For decades, I have argued passionately and publically that every child has the right to be loved. For those children and young people who grow up in care, love should not only frame their daily experiences, it’s also an essential component of their recovery from trauma and their journey to becoming loving and productive adults. This position has formed a cornerstone of the work that SIRCC and now CELCIS have undertaken to transform the attitudes and understanding of practitioners, politicians and the public. This is a powerful and important message that we know can engage and enthuse people.
This simple truth that reflects so clearly our shared aspiration for all children must not, however, allow us to be blinded to the complexity of translating the message into action. Bubbling beneath the surface of any interaction between children and adults who are not related to them, lurk anxieties about abuse and allegations. This has contributed to the development of policies and procedures that inhibit and constrain the possibility of adults confidently enacting and expressing their love for the children or young people in their care.
Professionalism has been defined in part as maintaining appropriate boundaries and distance –drawing on values from medicine and the law – rather than creating our own understanding of professionalism as the conscious use of ourselves. Many practitioners have been encouraged to minimise the importance of relationships they develop with children and a willingness to sustain relationships beyond a particular placement or into adulthood has been viewed with suspicion. These are all very real obstacles to the creation of genuine loving relationships where children feel claimed and can discover the capacity to trust and develop. We certainly need to find a way to dismantle these barriers and create an environment where love can flourish. Within Scotland, legislation, policy and practice is shifting and we are now moving towards a professionalism that is defined by passion and commitment expressed through the transparent and responsible use of relationships.
Will this be enough? Almost certainly not. Is it possible to require residential workers or foster carers to love the children they look after? Can we include it in job descriptions? Probably not. I would, however, argue that we need to redefine our understanding of the work to encompass the possibility, indeed expectation, that every child will have someone, closely and directly involved in their everyday life, who loves them in a real and genuine way. Often there is a chemistry between a particular adult and child that provides the basis for the development of such a loving warm relationship. Being given permission to love and having support to survive the inevitable testing may be enough. Sometimes, however, a child proves very difficult to love and there is no such obvious connection. What then? How is it possible to ensure that no child experiences the bleakness of growing up in a place where they are unloved? Perhaps we need greater clarity about what love means in this context. Scott Peck, a psychiatrist and writer about the power and importance of love offers us some clues.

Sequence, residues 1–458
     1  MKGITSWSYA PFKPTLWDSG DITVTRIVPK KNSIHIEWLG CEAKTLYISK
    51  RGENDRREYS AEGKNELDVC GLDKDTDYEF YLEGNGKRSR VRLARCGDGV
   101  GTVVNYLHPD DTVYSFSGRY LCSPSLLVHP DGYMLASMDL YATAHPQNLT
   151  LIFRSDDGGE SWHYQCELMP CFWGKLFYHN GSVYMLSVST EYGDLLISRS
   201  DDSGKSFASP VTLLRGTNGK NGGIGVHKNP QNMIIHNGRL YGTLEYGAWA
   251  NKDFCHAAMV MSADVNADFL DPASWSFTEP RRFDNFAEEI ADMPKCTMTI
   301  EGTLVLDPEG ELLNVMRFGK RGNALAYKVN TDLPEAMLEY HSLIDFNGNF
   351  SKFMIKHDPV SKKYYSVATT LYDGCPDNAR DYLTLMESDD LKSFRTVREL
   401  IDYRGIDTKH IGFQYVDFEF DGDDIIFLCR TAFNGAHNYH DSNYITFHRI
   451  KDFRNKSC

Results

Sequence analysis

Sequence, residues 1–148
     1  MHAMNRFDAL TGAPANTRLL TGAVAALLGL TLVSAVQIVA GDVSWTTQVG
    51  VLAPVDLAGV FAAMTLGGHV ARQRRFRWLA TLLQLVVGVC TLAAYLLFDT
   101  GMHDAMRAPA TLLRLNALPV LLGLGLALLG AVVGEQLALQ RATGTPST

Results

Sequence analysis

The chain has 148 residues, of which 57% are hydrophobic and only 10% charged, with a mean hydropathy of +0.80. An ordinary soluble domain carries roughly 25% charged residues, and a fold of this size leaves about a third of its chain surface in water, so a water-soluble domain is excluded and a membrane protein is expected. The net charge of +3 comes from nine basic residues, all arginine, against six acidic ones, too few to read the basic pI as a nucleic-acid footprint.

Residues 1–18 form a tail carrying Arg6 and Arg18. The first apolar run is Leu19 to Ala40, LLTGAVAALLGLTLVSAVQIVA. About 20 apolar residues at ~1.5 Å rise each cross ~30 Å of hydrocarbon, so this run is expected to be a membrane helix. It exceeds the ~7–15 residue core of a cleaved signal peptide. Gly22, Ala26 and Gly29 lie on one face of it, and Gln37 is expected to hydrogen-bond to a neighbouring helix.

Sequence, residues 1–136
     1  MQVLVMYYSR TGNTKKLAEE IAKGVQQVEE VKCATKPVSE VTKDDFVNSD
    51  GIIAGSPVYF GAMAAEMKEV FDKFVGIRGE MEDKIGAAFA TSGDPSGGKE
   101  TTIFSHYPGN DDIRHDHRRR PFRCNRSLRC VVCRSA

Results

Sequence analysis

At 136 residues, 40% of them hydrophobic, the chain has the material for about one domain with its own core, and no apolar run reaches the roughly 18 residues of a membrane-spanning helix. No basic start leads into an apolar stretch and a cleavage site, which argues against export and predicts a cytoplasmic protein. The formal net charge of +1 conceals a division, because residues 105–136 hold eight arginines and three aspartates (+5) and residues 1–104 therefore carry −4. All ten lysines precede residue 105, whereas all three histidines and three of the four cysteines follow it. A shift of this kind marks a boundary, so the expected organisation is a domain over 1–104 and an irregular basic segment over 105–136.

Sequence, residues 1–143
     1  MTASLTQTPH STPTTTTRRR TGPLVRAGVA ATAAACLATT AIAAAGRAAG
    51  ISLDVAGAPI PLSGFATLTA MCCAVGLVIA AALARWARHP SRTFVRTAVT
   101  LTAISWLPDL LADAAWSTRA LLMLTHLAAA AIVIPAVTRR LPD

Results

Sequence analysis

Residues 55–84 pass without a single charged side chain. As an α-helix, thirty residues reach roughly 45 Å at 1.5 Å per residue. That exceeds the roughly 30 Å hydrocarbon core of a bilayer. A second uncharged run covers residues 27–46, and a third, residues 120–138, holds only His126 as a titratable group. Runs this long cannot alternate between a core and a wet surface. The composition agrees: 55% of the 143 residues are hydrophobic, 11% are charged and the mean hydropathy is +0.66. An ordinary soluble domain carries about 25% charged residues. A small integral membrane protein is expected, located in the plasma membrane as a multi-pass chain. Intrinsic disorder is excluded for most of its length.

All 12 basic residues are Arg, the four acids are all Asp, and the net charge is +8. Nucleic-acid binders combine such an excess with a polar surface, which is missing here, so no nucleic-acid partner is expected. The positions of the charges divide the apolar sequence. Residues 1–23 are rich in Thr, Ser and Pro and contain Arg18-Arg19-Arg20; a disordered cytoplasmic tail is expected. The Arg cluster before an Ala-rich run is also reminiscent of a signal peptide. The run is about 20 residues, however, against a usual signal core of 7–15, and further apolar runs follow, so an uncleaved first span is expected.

Love is the will to extend one's self for the purpose of nurturing one's own or another's growth... Love is as love does. Love is an act of will -- namely, both an intention and an action. Will also implies choice. We do not have to love. We choose to love.
Loving the unlovable child is a choice – not an easy one but a necessary one for that child’s chance to become lovable. We need to be relentless in our determination to find the right person for every child, who can make that choice to love them and stick by them regardless of rejection or challenge.
So is love enough? Unfortunately again the answer has to be ‘no’. It is also essential to understand the impact of the very difficult experiences children have endured often before they had the words to describe them. We now know so much about the impact of neglect and trauma on the developing brain and body and the long-term health consequences of failing to address this. We can also make sense of the sometimes challenging behaviours of children who have to be cared for outside their families. This requires proper training and support for carers and workers. I have known so many loving adults who describe the transformational impact of training and consultancy on their capacity to understand the meaning of children’s experiences and behaviour. We need to stop constructing the debate as though love and learning cannot exist in the same person. Our children deserve the best- adults who can love them and care for them but who have demonstrated that they are knowledgeable and skilled too.
We must strive for a synthesis of heart and head. This is a major challenge for Scotland’s foster carers and residential workers but anything less means we will yet again fail those children who have already been let down by adults who should have cared for them. It will not be easy and we must embrace the complexity of the task rather than being lured by simplistic solutions or avoiding the struggle altogether. I for one believe we will meet that challenge and look forward to working alongside colleagues in CELCIS and throughout Scotland to translate our dream into reality.
A special issue of the Scottish Journal of Residential Child Care opens up a responsible and healthy discussion on love in professional practice, exploring the importance of love in children's lives and the complexity of what this means in a professional context.